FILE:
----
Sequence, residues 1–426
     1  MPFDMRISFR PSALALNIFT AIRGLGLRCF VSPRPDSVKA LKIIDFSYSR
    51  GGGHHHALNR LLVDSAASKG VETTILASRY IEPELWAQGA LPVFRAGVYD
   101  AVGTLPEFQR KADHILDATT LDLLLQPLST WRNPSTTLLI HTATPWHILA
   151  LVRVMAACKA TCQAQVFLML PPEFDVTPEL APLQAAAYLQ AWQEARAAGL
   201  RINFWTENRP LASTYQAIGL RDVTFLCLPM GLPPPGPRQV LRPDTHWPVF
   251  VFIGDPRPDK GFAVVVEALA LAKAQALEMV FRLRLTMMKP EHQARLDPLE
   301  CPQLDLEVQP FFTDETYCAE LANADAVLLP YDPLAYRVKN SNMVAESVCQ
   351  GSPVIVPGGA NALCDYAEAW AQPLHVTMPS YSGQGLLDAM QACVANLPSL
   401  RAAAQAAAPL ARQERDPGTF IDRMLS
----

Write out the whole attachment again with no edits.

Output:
Sequence, residues 1–426
     1  MPFDMRISFR PSALALNIFT AIRGLGLRCF VSPRPDSVKA LKIIDFSYSR
    51  GGGHHHALNR LLVDSAASKG VETTILASRY IEPELWAQGA LPVFRAGVYD
   101  AVGTLPEFQR KADHILDATT LDLLLQPLST WRNPSTTLLI HTATPWHILA
   151  LVRVMAACKA TCQAQVFLML PPEFDVTPEL APLQAAAYLQ AWQEARAAGL
   201  RINFWTENRP LASTYQAIGL RDVTFLCLPM GLPPPGPRQV LRPDTHWPVF
   251  VFIGDPRPDK GFAVVVEALA LAKAQALEMV FRLRLTMMKP EHQARLDPLE
   301  CPQLDLEVQP FFTDETYCAE LANADAVLLP YDPLAYRVKN SNMVAESVCQ
   351  GSPVIVPGGA NALCDYAEAW AQPLHVTMPS YSGQGLLDAM QACVANLPSL
   401  RAAAQAAAPL ARQERDPGTF IDRMLS